Blood folate means checking how much folate is found in your whole blood. It includes the folate inside red blood cells (RBCs) as well as the folate in the liquid part of the blood.

Blood folate levels are typically reported in nanograms per milliliter (ng/mL).

This measurement actually tells you the total amount of folate in your blood sample, giving you a complete picture of your folate status.

Serum Folate

Serum folate is when we measure the amount of folate in the liquid part of your blood, which is called the serum.

Like blood folate, serum folate levels are also reported in ng/mL or nmol/L.

Serum folate levels show how much folate is ready for the body to use, giving us an idea of a person’s current folate status in the short term.

Now, let’s discuss about the key differences between blood folate and serum folate.

Differences Between Blood Folate and Serum Folate

Components Measured

Blood folate measures all the folate in both red blood cells (RBCs) and the serum. It gives us the total folate content.

On the other hand, serum folate measures only the folate in the liquid part of the blood, excluding the folate inside RBCs.


Folate is a sensitive nutrient that can easily break down under certain conditions.

Blood folate, which includes folate in red blood cells (RBCs), is more resistant to degradation compared to serum folate.

Folate inside RBCs is shielded from breakdown, giving us a better idea of our folate status over a longer period.

Serum folate, is the measurement of folate in the liquid portion of blood, is influenced by external factors and may fluctuate more readily.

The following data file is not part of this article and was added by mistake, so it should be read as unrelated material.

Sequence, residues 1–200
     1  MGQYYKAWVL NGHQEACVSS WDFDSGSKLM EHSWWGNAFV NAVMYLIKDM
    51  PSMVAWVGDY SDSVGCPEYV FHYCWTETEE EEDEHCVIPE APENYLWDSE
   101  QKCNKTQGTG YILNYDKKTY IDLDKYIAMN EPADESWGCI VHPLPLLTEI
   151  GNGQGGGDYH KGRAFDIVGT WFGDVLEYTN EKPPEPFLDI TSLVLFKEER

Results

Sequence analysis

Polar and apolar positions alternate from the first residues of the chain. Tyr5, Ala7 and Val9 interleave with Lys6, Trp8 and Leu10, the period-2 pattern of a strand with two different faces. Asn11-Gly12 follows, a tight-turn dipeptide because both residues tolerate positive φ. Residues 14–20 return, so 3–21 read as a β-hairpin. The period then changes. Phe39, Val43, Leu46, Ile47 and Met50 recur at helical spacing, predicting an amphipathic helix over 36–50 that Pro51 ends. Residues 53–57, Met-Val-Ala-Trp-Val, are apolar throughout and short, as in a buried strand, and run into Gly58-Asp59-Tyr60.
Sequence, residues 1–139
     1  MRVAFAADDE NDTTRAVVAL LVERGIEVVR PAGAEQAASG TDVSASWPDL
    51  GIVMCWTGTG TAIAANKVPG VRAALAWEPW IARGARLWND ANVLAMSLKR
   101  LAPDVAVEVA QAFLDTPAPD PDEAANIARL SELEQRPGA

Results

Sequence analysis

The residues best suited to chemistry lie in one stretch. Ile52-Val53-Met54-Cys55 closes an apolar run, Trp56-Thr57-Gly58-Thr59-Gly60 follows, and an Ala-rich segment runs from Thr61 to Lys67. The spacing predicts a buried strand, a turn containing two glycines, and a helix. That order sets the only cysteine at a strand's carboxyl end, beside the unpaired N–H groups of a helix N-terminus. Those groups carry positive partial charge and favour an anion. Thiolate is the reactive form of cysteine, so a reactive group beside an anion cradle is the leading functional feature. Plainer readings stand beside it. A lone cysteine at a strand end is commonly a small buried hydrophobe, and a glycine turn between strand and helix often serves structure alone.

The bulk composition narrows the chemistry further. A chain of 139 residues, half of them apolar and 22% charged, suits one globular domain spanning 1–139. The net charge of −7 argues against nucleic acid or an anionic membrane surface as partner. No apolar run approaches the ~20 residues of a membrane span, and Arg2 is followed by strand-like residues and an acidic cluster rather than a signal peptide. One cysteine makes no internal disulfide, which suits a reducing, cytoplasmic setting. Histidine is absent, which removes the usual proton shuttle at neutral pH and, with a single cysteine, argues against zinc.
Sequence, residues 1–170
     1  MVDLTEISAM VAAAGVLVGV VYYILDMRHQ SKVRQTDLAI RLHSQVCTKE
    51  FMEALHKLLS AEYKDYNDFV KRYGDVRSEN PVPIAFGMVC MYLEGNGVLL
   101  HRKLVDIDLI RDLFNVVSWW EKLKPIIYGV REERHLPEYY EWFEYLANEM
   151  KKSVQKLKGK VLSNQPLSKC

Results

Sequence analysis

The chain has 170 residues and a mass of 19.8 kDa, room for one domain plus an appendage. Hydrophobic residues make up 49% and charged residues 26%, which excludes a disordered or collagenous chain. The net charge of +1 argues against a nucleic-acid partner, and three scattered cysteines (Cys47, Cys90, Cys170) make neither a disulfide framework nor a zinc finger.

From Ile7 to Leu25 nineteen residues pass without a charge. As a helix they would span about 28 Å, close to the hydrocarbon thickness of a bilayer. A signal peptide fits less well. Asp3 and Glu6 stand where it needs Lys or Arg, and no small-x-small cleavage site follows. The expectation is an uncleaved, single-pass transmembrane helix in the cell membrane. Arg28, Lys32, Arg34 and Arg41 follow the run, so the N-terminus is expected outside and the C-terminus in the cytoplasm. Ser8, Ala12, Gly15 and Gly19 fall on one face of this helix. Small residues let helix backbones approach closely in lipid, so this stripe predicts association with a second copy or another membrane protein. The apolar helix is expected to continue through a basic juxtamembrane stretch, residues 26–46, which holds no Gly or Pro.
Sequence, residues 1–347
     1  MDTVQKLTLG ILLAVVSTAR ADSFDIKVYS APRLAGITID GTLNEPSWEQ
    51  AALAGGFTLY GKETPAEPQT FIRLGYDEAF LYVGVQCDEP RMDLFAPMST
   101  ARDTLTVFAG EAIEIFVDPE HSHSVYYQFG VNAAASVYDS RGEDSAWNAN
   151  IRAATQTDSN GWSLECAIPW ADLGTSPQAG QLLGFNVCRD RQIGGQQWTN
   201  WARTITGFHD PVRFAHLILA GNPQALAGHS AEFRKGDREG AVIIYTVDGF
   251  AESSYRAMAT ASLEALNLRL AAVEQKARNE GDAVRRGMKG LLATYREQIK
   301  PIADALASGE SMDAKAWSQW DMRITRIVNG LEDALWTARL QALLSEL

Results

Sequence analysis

Diagnostic Purposes

Both blood folate and serum folate tests are used for diagnosing purposes.

Blood folate is helpful in evaluating folate status over a longer period of time, making it useful for detecting ongoing folate deficiencies.

Serum folate, however, is used to assess current folate status and can give insights into recent diet choices or short-term changes in folate levels.

Clinical Interpretation

Understanding blood folate and serum folate levels depends on the reference ranges provided by the lab doing the tests.

If blood folate levels are lower than the normal range, it means there is a deficiency. In such cases, taking extra folate through supplements may be necessary.

Likewise, if serum folate levels are not within the normal range, it could mean either a deficiency or an excess, depending on the actual values obtained.


Even though both blood folate and serum folate gives us information about folate levels, they are different in what they measure, how stable they are, and what they can tell us about our health.

Blood folate measures the total amount of folate in your red blood cells. Serum folate looks at the amount of folate in the liquid part of your blood.

Healthcare professionals use these measurements, along with clinical symptoms and other relevant information, to accurately evaluate how much folate a person has in the body.